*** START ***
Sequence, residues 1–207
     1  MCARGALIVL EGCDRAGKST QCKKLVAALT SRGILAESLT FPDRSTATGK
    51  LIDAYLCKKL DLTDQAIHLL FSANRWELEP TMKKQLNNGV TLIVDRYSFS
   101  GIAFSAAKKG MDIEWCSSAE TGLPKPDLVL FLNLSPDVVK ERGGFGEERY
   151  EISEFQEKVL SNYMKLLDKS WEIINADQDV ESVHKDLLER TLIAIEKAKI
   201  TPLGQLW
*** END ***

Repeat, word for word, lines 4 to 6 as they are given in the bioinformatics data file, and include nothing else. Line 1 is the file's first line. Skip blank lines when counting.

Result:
   101  GIAFSAAKKG MDIEWCSSAE TGLPKPDLVL FLNLSPDVVK ERGGFGEERY
   151  EISEFQEKVL SNYMKLLDKS WEIINADQDV ESVHKDLLER TLIAIEKAKI
   201  TPLGQLW